Acknowledging diversity is a benefit, not something to be ignored. In the case of Wallace, recognizing his background can bring notable positives, with the first being that African-American youth have someone to inspire and encourage their interest in the sport. From a different perspective, itʻs possible that Wallace may open the sport to a segment of society that has seen NASCAR as being too white for their tastes. Dismissing who Wallace is stands as a form of erasure and in the current status of this sport, with attendance and viewership in a questionable state, erasing anything is the last thing NASCAR needs. Just embrace the fact that thereʻs a lot of different people that comprise this country and there is no problem mentioning the differences.
Happiness Is… Debates. Once again, as usual, the story is being reiterated and recycled that everything is going to shit with NASCAR and that the viewership of the Daytona 500, a paltry 5.3, illustrates how the sport is f-ed. If thatʻs the case, why are you still reading this article? Last weekʻs “Happiness Is” already proclaimed that this writer is not to be read as worthy in comparison to the others at FS and may not have a clue. But what if?
What if a 5.3 rating is still pretty decent? Thereʻs no possible way. The 5.3 is the lowest rating in the history of ratings when ratings rated Daytona 500 races. That seems to be the consensus. Consider again that NASCAR still pulled in 9.3 million fools to watch those fools circulate the track in Florida. Perhaps a better restatement of that viewership total is that NASCAR still bested the NBA All-Star game, and had the Olympics not been on, would have ruled the proverbial roost.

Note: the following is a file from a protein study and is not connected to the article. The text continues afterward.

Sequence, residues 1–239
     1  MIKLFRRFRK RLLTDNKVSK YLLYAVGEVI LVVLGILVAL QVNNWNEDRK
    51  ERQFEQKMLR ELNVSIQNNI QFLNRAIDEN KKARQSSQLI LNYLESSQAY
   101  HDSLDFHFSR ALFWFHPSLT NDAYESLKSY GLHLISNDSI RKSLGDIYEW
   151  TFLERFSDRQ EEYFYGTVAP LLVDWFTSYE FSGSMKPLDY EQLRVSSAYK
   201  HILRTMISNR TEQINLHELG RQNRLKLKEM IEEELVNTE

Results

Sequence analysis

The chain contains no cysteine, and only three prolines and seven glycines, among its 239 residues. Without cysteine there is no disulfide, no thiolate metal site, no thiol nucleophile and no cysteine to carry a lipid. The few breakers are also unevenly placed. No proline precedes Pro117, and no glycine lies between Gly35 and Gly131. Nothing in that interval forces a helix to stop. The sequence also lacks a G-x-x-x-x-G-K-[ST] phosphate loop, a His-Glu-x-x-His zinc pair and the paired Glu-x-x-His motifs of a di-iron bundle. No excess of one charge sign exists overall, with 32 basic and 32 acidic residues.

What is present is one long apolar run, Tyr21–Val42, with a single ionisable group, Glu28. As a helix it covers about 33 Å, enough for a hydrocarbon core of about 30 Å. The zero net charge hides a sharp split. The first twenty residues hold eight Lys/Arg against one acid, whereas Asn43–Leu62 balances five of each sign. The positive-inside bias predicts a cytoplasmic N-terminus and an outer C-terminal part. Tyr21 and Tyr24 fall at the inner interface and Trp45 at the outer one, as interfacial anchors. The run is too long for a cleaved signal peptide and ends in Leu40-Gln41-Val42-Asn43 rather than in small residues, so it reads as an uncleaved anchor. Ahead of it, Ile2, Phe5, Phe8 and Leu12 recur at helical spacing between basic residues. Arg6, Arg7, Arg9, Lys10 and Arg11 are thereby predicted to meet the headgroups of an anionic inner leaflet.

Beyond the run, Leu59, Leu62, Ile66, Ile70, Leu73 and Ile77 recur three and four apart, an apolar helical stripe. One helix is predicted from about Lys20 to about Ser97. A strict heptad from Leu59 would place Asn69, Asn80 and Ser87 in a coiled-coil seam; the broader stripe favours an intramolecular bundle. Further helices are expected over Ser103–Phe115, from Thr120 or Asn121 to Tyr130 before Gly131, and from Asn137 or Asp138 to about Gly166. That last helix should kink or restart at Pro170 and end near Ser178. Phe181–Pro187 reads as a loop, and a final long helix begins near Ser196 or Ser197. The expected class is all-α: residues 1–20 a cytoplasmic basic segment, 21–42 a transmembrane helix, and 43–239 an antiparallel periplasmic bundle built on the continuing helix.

NASCAR has all kinds of problems, from its engagement with fans, to myopic marketing, to a nepotism problem, to concerns about the sport is officiated, and then thereʻs the always debated playoffs or whatever it may be called this year – but the sport is still pulling enough eyeballs to make it a valid entity. The question that accompanies all the ʻfansʻ who continue to focus on the sportʻs downfall: Would you prefer that NASCAR not exist at all?
Happiness Is… Launches. While NASCAR holds a festival called media-week, where all the teams gussy up their drivers and the members of the media fawn over them and ask inane questions, Formula 1 takes a different path. Rather than encourage the teams to do everything at once, there is a steady relaxed unveiling of the seasonʻs cars. And in F1, the cars undergo more than just paint job upgrades (or downgrades, depending on your view).
Of course, the release of the updated rides for the year is just as laughable as it is in NASCAR but that doesnʻt mean that it doesnʻt serve to showcase that thereʻs reason to be excited that the F1 season is almost here. Weʻve added to the F1 staff and will continue to be bringing the sport as best as we can. As such, here are the Haas, Williams, Sauber, Renault, and Red Bull launches. Enjoy.